"Then the question is, who has the majority of the floor?" said Randy Evans, a longtime RNC official from Georgia.
Evans, who chairs the Republican National Lawyers Assn., has been assiduously tracking delegates and their preferences. He predicted Trump-aligned attendees will outnumber those supporting Cruz, who had his own sophisticated delegate operation. But the largest pool of delegates holds unclear allegiances and will be the subject of fierce lobbying efforts by the Trump campaign, the RNC and the anti-Trump faction in the coming weeks.
"This is going to be the battle of the whip operations," Evans said.
Neither the Trump campaign nor the Republican National Committee responded to requests for comment.
The "free the delegates" advocates, meanwhile, have been cheered by what they see as subtle nods to their efforts by Republican establishment figures. House Speaker Paul Ryan (R-Wis.) said earlier this month that delegates should follow their conscience when casting a vote. A fellow Wisconsin Republican, Gov. Scott Walker, echoed those remarks.
Proponents have begun to hire staff, coordinate their efforts through regular conference calls and begin delegate outreach. Lonegan, Unruh and other organizers have also become staples on cable news, hoping to build momentum via a media blitz.
Citizens in Charge Foundation, a conservative organization, has distributed Haugland's book, "Unbound," for free, and an affiliated group is running a television ad nationally on cable calling for delegates to vote their conscience.
The foundation is also backing a lawsuit filed last week by a Virginia delegate who is seeking to block a state law requiring delegates to cast their votes on the first ballot according to the results of the primary.
"Our effort is to provide political cover, understanding and education to the delegates," said Dane Waters, a co-founder of the group called Delegates Unbound.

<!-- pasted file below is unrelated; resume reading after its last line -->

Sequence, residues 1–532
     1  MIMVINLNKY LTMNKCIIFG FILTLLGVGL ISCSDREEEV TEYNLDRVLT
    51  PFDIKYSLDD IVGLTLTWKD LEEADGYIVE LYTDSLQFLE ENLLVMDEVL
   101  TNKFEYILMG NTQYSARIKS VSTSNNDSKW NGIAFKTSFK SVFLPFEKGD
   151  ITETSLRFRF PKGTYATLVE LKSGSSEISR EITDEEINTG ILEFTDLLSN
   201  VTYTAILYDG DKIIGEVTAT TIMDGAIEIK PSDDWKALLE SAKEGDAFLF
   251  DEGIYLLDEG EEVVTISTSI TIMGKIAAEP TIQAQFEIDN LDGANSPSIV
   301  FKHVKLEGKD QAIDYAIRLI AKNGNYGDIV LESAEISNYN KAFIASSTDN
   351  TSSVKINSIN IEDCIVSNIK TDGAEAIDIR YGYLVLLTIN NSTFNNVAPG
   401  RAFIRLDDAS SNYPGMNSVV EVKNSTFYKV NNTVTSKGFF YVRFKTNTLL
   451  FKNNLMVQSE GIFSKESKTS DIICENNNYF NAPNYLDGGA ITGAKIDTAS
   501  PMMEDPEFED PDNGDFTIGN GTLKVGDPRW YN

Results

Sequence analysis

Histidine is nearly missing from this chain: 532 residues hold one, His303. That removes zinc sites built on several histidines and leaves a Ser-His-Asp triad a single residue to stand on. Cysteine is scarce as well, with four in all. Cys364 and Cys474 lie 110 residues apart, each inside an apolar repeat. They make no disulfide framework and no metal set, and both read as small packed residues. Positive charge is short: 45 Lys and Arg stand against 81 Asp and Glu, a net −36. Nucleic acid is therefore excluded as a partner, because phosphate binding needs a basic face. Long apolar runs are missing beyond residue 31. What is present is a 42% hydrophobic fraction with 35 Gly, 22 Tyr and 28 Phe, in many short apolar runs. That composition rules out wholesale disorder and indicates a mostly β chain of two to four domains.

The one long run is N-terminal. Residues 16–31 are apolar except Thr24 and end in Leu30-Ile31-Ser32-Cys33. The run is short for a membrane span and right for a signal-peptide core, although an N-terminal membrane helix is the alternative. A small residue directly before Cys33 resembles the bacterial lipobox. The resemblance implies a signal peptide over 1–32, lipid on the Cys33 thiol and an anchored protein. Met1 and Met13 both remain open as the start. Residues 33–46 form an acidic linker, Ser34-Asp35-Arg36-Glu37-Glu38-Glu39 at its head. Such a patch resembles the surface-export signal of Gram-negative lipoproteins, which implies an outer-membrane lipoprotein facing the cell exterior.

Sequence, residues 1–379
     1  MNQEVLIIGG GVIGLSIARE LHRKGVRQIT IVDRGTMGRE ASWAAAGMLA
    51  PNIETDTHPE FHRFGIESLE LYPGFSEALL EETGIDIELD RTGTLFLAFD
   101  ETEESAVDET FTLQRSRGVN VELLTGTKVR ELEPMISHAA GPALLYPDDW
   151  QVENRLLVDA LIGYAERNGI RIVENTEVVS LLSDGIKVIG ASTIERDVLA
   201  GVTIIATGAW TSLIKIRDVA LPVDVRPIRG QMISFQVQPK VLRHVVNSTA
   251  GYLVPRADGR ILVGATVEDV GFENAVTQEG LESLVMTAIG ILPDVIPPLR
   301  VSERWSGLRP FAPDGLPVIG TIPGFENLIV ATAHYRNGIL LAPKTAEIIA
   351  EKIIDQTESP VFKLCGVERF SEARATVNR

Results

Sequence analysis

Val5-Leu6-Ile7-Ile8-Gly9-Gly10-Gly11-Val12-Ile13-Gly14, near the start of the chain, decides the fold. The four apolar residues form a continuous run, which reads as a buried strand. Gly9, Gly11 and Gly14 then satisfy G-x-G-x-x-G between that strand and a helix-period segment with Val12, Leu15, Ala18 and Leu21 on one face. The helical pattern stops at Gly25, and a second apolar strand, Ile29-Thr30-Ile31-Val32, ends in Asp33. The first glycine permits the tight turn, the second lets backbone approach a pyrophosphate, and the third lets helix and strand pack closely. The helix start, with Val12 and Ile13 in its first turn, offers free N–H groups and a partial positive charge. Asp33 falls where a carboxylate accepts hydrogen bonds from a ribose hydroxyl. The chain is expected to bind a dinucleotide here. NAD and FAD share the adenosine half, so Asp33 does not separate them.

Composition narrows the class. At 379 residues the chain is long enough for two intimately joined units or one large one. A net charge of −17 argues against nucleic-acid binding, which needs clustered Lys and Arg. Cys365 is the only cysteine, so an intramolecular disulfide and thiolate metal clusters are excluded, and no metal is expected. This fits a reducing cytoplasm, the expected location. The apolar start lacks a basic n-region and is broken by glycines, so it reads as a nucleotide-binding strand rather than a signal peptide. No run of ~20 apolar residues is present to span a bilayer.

What they are not trying to do, Waters said, is promote a substitute for Trump.
"We don't have a dog in the hunt. We're not trying to push any specific candidate," Waters said. "As long as the delegates can vote freely, let the cards fall where they may."
The lack of a stand-in may ultimately cripple this effort. Delegates may be wary of throwing the convention proceedings into chaos without a clear sense of who may come out victorious.
"You can't beat somebody with nobody. Today, we have no viable alternative'" said Saul Anuzis, a former senior adviser to Cruz.
Another hurdle is delegates' wariness about contradicting the results of the primaries.
"The concept that you can just ignore what the voters told you to do is anathema to all of the principled people I know in the California delegation," said Harmeet K. Dhillon, vice chair of the California Republican Party and a member of the convention rules committee.
Dhillon said she expected the insurrection efforts to have little traction with Golden State attendees, all of whom signed pledges vowing to back the real estate mogul, who handily won the state's June 7 primary.
Lonegan, who backed Cruz in the primary, said he believed the threat of a delegate uprising could ultimately help Trump, forcing him to become a more disciplined candidate focused on uniting the party. Or, he said, there could be an entirely unexpected nominee.
Under any scenario, Lonegan acknowledged, he and his allies are in uncharted territory.
"There's no experience with this. There's no blueprint or textbook on how to do what we're doing," said Lonegan. "We're learning by the hour, by the day."